The Film Zine

Article by Cathal Eustace

The greatest privilege and curse of our generation is constant access to the largest amount of art and knowledge ever available to humanity. The Library of Alexandria was one of the largest libraries of the ancient world yet only held 64 gigabytes of information in its bookshelves. Meanwhile, the internet is estimated to contain an ever-expanding 1.2 million terabytes of information, all of which we can access via a chunk of metal and plastic that we keep in our back pocket. Overwhelming, right? The never-ending stream of data coursing through your phone, the 500 hours of footage uploaded to YouTube since you started reading this review; the volume of knowledge and art being made available to us right now is too immense to comprehend. 

So why waste time sifting through oceans of stale memes, clickbait, and Instagram poetry in search of art when The Film Scene has curated a staggeringly beautiful collection with their debut issue of The Film Zine. The Zine showcases visual art, poetry, performances, documentaries, and short films from multiple artists around the country. Its presentation feels smooth and seamless; I can’t express the joy you’ll feel scrolling through the beautiful patterns of The Zine which act as a serene backdrop to the array of art on display. The Zine acts as a portal to another world – one inaccessible to us – where our memories of the year gone past were not marred by 2 million deaths.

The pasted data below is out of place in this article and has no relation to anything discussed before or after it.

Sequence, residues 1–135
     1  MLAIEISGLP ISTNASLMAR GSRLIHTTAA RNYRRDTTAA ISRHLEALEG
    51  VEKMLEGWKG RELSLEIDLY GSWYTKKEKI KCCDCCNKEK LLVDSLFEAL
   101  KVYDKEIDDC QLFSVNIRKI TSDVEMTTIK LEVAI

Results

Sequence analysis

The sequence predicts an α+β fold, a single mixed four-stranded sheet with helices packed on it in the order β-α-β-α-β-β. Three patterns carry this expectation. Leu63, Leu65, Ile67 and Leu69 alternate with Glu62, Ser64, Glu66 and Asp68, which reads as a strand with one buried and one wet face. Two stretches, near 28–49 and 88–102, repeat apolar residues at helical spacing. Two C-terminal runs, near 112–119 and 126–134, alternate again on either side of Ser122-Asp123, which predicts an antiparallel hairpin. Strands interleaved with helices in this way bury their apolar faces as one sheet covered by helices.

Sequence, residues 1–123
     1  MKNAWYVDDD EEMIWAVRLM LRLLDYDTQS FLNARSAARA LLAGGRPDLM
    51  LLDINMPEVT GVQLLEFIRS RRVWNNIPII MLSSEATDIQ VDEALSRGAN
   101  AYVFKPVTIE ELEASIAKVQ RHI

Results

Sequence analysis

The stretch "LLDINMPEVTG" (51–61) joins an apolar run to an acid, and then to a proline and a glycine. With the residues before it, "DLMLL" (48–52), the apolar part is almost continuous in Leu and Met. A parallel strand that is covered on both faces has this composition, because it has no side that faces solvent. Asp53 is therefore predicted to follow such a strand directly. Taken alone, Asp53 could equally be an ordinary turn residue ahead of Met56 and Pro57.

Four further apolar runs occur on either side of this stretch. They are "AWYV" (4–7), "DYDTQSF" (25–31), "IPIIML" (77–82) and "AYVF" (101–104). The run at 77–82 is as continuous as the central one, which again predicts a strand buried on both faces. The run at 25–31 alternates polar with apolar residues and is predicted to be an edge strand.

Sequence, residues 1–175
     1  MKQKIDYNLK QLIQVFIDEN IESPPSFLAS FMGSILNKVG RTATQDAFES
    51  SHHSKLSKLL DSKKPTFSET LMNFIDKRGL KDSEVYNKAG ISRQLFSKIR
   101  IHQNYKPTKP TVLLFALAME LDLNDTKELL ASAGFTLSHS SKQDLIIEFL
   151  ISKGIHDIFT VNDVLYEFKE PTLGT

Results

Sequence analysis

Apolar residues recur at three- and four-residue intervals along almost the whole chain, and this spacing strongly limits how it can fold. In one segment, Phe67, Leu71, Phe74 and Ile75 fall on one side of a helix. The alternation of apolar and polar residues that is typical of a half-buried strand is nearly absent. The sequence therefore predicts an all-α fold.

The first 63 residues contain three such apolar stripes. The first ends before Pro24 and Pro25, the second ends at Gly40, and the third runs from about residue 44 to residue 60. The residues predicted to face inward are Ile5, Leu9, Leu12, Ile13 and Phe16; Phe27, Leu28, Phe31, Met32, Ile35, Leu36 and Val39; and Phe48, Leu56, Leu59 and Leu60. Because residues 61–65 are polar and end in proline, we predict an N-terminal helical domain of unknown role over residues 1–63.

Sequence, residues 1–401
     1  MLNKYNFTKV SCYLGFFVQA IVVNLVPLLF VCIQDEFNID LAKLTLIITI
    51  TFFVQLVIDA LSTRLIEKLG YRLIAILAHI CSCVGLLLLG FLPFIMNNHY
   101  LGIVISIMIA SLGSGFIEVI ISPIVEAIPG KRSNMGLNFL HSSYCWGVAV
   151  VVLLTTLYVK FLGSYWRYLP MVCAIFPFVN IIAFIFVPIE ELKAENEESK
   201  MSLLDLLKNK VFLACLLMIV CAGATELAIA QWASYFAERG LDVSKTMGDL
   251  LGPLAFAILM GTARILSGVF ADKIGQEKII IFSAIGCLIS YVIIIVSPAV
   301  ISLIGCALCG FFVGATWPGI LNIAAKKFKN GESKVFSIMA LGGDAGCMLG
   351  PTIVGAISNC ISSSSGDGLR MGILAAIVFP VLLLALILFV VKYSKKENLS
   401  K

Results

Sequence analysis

Enter this alternate reality and listen to Killian Kirwan’s formidable rendition of We are Dublin, with footage of the city cast in a neon glow as the poet brandishes before your ears mighty memories of Hibernian nightlife. Masquerade as an audience member amongst friends, feel the estrangement of the fourth wall disappear as you sit down with Keegan Andrulis in Arianna Owens’ Ripple. Enjoy the discourse, stories, jokes, and nuances of real human conversation that you have been denied the past year in Cáit Murphy’s She Talks in The Afternoon.

Sometimes, The Zine’s escapism manifests itself in piquant depictions of the past – another world inaccessible to us. This yearning for a time gone by is vividly expressed in Laura Hutchinson’s “The Femme Fatale”: a stunning collection of artfully-curated photographs, and in Aoife Raeside’s quietly melancholic The Last Dance.

The Zine does not feel arrogant; it does not bypass the world we have been forced to live in as it chooses to selectively remind us of the sorrow of isolated life. These reminders are dispersed throughout The Zine, one example of which can be found hidden amongst the first collection of portraits: in Ella Sloane’s “Masked Creativity,” another in the poignant “Grangegorman” by Pádraig Ó Gríofa/Gwaukee. 

The Zine offers companionship and solace at a time where we all need it most. What was supposed to be one of our most invaluable, formative years has been robbed from us all. Nothing can change the past. Nothing can reverse the grief our generation will suffer, but let it be soothed by the wonderful display of imagination, kinship and love that you can find in The Film Zine.

You can access The Film Zine at


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